Ministers, along with the Kubosh brothers, discussed why they felt the cameras, which were voted out on last November's election, then recently turned back on after a lengthy legal battle, are a violation of Houston's citizens' civil rights. That is according to those opponents.
They plan to take steps to turn the cameras off for good. Councilwoman Jones also hinted on how that can happen.
"I haven't a clue why people don't just ask us to put it on the agenda," said Jones. "It didn't take a vote to get the red light cameras of the people. It doesn't need a vote of the people to get rid of it. We could put on city council next week and we could vote for it."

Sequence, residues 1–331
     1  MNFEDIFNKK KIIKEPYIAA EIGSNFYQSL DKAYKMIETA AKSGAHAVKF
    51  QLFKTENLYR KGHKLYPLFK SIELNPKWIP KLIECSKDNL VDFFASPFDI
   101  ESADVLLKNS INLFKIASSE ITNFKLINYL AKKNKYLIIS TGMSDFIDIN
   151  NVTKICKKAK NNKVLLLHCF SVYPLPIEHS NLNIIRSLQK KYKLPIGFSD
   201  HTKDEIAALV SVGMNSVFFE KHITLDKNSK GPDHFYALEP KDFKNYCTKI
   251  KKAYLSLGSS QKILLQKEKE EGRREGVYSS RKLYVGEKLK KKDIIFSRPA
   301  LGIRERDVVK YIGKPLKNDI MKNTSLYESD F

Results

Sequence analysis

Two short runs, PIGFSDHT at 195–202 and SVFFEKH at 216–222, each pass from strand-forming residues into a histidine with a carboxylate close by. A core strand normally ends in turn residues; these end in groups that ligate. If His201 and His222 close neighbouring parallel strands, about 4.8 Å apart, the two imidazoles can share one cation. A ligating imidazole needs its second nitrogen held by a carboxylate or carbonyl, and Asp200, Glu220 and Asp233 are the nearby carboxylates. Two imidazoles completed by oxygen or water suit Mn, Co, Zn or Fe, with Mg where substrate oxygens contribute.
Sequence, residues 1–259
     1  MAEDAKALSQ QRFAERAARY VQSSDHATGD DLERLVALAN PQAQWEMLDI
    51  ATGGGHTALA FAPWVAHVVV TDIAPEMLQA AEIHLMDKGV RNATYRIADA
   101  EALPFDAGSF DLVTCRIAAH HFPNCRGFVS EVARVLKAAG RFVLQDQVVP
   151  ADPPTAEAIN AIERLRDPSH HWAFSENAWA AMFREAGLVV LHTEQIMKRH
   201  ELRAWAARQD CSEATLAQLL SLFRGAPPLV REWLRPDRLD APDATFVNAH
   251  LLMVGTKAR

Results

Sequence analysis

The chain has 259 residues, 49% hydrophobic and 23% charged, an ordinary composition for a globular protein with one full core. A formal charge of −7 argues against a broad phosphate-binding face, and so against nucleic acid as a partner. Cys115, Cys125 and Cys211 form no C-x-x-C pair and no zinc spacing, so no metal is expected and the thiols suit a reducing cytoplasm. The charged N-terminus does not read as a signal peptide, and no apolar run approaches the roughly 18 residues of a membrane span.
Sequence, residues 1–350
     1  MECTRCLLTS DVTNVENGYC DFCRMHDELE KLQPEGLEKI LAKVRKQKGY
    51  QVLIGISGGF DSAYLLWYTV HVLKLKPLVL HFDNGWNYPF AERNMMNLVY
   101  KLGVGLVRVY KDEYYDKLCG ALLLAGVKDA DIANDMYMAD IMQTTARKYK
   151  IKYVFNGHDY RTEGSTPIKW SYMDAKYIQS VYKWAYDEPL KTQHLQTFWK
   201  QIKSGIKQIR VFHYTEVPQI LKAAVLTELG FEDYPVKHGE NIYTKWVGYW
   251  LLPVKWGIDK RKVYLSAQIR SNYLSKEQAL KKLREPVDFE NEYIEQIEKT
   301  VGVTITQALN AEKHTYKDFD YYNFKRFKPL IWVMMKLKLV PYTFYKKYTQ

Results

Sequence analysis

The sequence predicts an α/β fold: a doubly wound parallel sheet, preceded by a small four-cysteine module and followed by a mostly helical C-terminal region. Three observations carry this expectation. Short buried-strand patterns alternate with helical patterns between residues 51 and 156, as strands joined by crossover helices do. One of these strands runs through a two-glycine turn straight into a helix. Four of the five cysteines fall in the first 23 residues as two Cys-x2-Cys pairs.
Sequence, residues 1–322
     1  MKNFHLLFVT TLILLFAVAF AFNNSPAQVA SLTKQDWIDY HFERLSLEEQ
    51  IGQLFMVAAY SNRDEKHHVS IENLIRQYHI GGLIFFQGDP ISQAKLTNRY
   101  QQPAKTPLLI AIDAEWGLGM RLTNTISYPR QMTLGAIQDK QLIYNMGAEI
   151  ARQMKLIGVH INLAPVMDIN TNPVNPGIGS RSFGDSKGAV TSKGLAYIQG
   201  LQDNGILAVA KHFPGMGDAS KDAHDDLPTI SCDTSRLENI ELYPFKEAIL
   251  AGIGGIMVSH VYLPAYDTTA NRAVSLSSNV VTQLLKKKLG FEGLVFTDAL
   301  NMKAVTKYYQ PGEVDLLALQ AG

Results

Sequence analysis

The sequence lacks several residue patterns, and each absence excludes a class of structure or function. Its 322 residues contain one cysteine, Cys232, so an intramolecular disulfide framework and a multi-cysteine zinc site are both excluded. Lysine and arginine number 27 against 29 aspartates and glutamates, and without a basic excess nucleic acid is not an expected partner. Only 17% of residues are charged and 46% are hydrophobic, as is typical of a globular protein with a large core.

"We love our chief and we support our chief but I was astounded, insulted when our chief said that he's going to expand the adding insult to injury. I couldn't believe I heard that," said Pastor James Nash with the Houston Ministers Against Crime.
That fight could end up at city council next week.